Schistosomiasis is a waterborne tropical disease caused by infection with parasitic worms of the Schistosoma
genus. This causes significant morbidity in the Middle East, South America, Southeast Asia and, mostly, in sub-Saharan
Africa. For over 30 decades, this disease has been on a gradual rise, claiming thousands of lives and disfiguring its sufferers.
Currently, over 280 000 mortalities per annum are attributed to this disease, with about 207 million reported cases of
infection worldwide. In addition to these overwhelming statistics, infection caused by S. haematobium has been reported to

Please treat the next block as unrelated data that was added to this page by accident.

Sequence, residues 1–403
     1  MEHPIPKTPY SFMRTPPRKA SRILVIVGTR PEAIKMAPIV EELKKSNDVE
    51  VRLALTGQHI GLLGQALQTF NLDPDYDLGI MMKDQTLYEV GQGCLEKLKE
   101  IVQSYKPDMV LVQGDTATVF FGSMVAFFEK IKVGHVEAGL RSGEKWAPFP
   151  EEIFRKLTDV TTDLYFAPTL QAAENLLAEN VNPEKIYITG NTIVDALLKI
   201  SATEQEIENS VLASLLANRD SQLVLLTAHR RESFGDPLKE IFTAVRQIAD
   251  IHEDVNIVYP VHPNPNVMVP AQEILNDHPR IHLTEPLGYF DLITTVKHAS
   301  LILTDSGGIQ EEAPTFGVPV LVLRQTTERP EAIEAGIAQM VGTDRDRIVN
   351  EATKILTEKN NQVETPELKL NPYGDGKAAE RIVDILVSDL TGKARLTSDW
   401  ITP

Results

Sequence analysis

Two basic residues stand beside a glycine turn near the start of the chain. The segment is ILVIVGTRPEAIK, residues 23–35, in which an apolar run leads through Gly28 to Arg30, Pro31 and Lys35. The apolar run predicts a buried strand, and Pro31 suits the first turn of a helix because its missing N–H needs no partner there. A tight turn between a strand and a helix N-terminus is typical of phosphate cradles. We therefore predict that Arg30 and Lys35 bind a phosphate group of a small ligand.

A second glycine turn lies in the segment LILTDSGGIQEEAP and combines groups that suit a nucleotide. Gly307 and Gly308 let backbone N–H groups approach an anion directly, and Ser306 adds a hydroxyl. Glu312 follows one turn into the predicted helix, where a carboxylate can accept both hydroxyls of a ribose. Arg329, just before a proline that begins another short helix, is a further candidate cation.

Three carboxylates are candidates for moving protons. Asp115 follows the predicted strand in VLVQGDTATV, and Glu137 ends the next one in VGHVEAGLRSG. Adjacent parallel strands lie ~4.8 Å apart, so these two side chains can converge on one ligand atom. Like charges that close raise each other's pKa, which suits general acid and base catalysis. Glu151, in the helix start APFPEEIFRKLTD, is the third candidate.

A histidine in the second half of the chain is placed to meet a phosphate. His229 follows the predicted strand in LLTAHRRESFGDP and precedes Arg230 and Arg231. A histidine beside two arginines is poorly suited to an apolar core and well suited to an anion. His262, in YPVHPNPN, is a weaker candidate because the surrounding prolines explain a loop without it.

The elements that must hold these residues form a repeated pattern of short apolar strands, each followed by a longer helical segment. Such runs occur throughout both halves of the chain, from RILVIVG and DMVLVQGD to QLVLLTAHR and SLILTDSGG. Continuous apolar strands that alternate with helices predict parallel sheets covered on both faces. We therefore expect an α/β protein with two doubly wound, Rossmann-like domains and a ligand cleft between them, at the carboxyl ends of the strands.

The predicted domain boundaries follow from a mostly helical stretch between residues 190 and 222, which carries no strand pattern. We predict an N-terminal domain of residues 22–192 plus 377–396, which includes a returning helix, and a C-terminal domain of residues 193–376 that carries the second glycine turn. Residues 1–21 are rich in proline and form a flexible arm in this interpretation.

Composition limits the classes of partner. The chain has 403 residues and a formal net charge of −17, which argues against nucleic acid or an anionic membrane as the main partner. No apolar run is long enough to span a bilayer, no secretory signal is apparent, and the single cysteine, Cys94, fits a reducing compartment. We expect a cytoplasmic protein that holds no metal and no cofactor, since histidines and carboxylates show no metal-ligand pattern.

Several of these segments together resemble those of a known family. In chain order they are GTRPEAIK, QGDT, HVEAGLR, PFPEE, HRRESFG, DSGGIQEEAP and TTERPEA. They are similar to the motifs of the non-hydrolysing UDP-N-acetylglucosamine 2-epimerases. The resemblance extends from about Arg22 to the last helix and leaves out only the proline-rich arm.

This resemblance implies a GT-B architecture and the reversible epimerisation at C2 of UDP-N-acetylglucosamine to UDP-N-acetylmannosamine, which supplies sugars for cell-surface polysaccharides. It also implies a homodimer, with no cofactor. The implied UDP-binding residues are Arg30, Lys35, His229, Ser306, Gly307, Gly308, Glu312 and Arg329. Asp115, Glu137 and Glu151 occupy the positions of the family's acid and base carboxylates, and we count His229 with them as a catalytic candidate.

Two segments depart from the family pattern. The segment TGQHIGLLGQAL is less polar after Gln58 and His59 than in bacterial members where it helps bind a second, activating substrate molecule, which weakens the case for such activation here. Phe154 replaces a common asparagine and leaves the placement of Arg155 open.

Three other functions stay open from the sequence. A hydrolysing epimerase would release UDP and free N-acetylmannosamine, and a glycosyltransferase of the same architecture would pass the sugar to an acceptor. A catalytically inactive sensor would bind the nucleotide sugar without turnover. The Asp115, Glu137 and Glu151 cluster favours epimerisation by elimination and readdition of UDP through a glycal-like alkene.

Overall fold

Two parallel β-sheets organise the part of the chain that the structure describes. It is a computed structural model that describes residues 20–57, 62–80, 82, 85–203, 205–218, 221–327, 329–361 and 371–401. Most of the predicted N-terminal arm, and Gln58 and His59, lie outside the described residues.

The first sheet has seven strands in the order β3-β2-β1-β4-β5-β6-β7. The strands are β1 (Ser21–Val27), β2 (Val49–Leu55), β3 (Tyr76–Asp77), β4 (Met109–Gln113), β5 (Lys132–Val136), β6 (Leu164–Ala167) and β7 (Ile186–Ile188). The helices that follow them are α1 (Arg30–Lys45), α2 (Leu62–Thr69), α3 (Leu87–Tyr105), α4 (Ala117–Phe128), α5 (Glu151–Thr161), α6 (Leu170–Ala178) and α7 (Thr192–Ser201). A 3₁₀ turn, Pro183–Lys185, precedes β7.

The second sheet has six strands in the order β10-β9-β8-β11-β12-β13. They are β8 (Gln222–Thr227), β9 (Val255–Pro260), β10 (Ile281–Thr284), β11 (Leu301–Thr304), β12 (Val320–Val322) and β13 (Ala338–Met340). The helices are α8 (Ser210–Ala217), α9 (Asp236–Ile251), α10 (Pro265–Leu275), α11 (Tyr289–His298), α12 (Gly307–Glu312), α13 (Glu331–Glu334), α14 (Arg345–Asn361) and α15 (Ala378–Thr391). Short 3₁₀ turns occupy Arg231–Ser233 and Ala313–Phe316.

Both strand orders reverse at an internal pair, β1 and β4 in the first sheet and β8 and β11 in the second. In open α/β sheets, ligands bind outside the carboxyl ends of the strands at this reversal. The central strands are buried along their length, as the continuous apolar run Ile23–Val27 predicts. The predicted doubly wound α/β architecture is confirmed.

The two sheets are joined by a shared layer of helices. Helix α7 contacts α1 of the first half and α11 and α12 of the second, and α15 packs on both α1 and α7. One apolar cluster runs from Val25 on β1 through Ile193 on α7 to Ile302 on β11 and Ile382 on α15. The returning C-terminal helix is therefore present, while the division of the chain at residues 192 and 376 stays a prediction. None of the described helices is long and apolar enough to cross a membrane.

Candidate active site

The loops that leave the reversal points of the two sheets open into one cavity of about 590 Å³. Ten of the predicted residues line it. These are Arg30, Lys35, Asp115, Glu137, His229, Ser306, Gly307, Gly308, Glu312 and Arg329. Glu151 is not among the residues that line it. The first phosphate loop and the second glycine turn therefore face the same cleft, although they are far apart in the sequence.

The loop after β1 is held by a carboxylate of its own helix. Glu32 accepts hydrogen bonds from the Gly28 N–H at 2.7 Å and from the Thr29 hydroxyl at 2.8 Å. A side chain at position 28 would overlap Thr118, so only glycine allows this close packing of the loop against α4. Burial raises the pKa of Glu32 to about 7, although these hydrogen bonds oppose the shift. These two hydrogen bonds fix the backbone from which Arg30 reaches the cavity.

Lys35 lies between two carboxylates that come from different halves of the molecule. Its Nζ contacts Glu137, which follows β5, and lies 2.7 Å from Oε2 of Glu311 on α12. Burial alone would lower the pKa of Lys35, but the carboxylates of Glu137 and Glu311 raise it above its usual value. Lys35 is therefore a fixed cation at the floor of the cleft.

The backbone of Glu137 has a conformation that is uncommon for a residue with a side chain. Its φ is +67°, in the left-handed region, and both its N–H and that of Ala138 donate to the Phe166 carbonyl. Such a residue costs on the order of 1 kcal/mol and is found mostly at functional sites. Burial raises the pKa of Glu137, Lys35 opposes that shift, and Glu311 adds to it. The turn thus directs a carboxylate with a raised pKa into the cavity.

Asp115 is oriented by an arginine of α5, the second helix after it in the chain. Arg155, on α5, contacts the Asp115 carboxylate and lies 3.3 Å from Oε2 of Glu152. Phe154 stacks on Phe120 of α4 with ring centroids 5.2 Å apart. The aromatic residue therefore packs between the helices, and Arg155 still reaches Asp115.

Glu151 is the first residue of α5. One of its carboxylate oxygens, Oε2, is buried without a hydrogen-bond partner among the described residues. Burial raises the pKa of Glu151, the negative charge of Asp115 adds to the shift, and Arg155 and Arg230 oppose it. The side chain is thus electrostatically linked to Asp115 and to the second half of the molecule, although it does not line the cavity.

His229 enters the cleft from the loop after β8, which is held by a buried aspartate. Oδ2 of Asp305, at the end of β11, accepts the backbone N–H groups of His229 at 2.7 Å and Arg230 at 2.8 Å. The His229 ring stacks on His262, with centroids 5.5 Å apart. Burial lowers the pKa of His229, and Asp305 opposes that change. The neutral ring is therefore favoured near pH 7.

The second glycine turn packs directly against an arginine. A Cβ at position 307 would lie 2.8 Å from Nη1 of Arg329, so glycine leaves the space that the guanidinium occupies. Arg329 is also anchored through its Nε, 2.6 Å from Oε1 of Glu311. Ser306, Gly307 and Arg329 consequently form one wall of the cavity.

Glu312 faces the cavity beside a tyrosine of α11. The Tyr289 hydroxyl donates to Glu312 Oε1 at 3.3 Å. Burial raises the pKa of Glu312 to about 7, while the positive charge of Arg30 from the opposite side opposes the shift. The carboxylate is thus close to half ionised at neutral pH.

predispose its sufferers to cancer of the bladder. Bladder cancer is regarded as the most common type of cancer in the
urinary system, with relatively high incidence, progression and mortality rates despite the efforts put into providing optimal
treatment for the disease. Despite the diagnostic and treatment options already put into place, there is still a growing need to
develop alternative strategies to combat these diseases. The high expression levels of a group of molecular chaperones,
known as heat shock proteins, can be used as biomarkers of infection and can consequently play a role in the development
of alternative treatment methods.